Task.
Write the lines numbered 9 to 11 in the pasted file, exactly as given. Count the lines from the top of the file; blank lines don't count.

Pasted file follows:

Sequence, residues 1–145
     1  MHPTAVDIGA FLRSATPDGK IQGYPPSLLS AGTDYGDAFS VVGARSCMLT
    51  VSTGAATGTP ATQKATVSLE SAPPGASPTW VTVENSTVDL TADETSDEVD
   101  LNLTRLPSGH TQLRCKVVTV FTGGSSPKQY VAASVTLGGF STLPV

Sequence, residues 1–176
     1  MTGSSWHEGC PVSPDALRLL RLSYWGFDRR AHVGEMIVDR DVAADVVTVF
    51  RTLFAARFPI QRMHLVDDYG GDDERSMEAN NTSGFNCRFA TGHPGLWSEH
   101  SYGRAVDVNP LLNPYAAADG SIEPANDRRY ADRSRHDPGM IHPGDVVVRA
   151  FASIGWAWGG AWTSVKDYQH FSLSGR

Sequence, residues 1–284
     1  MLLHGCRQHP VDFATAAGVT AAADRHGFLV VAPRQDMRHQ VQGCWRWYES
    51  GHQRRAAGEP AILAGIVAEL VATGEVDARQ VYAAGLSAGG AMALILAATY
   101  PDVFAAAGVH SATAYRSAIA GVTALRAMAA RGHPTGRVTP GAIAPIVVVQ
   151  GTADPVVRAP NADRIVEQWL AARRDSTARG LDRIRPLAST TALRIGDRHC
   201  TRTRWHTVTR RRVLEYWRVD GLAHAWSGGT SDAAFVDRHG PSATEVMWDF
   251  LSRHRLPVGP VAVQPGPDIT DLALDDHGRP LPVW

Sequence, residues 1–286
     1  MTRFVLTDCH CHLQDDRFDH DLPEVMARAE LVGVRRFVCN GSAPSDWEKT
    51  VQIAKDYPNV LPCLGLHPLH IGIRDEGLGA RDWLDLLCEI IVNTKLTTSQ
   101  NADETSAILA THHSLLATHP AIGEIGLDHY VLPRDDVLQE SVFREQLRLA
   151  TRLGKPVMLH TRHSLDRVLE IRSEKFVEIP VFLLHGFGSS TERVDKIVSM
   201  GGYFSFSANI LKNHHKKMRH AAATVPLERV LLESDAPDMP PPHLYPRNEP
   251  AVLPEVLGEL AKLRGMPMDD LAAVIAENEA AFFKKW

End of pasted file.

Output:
   151  FASIGWAWGG AWTSVKDYQH FSLSGR

Sequence, residues 1–284
     1  MLLHGCRQHP VDFATAAGVT AAADRHGFLV VAPRQDMRHQ VQGCWRWYES